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Here on the Kona coast of the Big Island of Hawaii we are blessed with an abundance of sunshine. While living in paradise we became concerned with the Y2K problem and its possible effects on our lives. We realized that although there is sustainable, diversified agriculture here (hey the Hawaiians did quite well here before fast-food restaurants arrived) and we could stock-up on groceries, we wondered how we would cook our food should the power go out.

We could stock-up on bags upon bags of charcoal or buy a propane stove but how long would it last and how expensive would all of this preparation be? Then it dawned on us that the same powerful sun that provides the energy to grow world famous Kona Coffee could be used to brew it too!

I had seen solar ovens made with glass and mirrors to concentrate the sun's rays onto the food but it all seemed so bulky and fragile to tote around. I wanted something kid-proof, so if they stepped on it, things wouldn't break. Then I heard about reflector solar ovens and decided this was the way to go.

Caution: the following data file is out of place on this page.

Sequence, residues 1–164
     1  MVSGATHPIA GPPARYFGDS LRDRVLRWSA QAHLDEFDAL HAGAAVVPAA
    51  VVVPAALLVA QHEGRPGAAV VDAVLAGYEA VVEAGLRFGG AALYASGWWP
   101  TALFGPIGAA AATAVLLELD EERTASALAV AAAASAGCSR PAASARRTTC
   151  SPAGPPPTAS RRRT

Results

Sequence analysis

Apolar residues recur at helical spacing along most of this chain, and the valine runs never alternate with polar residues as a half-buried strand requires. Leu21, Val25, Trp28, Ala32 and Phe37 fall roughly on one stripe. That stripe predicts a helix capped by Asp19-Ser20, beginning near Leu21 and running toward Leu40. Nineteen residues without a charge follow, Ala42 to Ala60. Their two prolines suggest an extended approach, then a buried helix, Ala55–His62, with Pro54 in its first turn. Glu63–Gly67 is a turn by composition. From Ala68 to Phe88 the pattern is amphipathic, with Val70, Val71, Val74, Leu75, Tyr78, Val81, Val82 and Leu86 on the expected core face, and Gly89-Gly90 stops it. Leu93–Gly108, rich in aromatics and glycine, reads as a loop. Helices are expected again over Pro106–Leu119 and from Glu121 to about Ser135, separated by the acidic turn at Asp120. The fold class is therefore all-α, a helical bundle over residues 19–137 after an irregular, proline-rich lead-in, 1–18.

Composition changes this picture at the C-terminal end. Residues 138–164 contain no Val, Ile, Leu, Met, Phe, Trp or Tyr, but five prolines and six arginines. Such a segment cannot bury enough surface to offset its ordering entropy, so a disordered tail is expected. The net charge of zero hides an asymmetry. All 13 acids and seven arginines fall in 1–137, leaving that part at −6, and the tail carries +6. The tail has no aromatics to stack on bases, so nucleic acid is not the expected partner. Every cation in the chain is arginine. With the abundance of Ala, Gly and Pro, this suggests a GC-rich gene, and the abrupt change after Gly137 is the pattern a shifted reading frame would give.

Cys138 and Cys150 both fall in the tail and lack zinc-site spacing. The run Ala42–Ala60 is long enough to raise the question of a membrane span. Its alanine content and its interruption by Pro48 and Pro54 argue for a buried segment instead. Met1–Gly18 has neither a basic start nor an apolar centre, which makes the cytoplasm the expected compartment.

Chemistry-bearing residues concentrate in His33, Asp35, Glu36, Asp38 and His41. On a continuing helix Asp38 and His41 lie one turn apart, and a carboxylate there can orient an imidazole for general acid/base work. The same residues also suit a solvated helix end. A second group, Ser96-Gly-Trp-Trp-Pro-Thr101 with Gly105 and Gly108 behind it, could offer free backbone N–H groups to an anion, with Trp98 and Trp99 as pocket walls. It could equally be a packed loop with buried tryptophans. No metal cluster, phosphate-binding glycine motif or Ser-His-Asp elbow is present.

Cheap and easy to build, you can step on it without breaking it. Easy to store and transport, the Kona Cooker proved to be a fun, worthy project to undertake. I felt it was important not just to sell the cooker but empower people to build enough to feed their whole family if needed or to teach a whole classroom full of kids about the power and ecology of solar cooking.

Y2K turned out to be not much of a problem, but the Kona Cooker is good to have around in case of emergencies like natural disasters in case of power failure. You can even pasteurize water with the Kona Cooker. The Kona Cooker also fits in well with the new Science Content Standards for Hawaii educators.



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Kona Cooker • P.O. Box 7689 • Hilo, Hawaii 96720